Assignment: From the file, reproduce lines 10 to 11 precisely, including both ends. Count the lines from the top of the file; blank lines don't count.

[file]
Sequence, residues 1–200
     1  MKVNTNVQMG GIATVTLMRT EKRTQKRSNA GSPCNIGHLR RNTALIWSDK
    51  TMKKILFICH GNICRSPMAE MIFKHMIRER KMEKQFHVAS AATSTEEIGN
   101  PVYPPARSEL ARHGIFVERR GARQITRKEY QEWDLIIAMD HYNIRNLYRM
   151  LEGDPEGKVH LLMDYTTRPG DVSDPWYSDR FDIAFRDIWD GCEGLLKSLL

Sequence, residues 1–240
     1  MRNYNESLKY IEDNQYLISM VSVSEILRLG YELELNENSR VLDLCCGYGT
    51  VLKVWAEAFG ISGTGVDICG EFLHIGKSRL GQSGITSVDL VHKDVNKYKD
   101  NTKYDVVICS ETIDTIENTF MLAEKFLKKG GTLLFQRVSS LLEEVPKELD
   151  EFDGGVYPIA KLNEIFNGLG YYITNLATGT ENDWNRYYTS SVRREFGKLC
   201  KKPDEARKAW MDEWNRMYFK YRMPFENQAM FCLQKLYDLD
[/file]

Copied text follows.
   151  EFDGGVYPIA KLNEIFNGLG YYITNLATGT ENDWNRYYTS SVRREFGKLC
   201  KKPDEARKAW MDEWNRMYFK YRMPFENQAM FCLQKLYDLD